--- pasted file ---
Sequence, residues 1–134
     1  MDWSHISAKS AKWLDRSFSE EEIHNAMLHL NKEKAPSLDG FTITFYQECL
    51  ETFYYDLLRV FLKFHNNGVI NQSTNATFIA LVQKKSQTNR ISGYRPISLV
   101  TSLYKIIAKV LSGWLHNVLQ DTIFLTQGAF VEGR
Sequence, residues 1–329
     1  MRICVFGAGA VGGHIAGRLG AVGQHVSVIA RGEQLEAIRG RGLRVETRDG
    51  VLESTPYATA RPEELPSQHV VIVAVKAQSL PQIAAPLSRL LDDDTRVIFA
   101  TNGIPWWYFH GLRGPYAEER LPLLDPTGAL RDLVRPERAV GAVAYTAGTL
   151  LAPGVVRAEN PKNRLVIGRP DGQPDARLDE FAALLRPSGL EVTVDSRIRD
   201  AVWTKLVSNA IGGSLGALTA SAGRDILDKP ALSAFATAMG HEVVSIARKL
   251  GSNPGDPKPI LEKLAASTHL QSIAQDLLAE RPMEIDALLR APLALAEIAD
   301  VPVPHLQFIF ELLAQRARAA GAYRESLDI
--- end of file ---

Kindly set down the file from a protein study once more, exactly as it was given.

Sequence, residues 1–134
     1  MDWSHISAKS AKWLDRSFSE EEIHNAMLHL NKEKAPSLDG FTITFYQECL
    51  ETFYYDLLRV FLKFHNNGVI NQSTNATFIA LVQKKSQTNR ISGYRPISLV
   101  TSLYKIIAKV LSGWLHNVLQ DTIFLTQGAF VEGR
Sequence, residues 1–329
     1  MRICVFGAGA VGGHIAGRLG AVGQHVSVIA RGEQLEAIRG RGLRVETRDG
    51  VLESTPYATA RPEELPSQHV VIVAVKAQSL PQIAAPLSRL LDDDTRVIFA
   101  TNGIPWWYFH GLRGPYAEER LPLLDPTGAL RDLVRPERAV GAVAYTAGTL
   151  LAPGVVRAEN PKNRLVIGRP DGQPDARLDE FAALLRPSGL EVTVDSRIRD
   201  AVWTKLVSNA IGGSLGALTA SAGRDILDKP ALSAFATAMG HEVVSIARKL
   251  GSNPGDPKPI LEKLAASTHL QSIAQDLLAE RPMEIDALLR APLALAEIAD
   301  VPVPHLQFIF ELLAQRARAA GAYRESLDI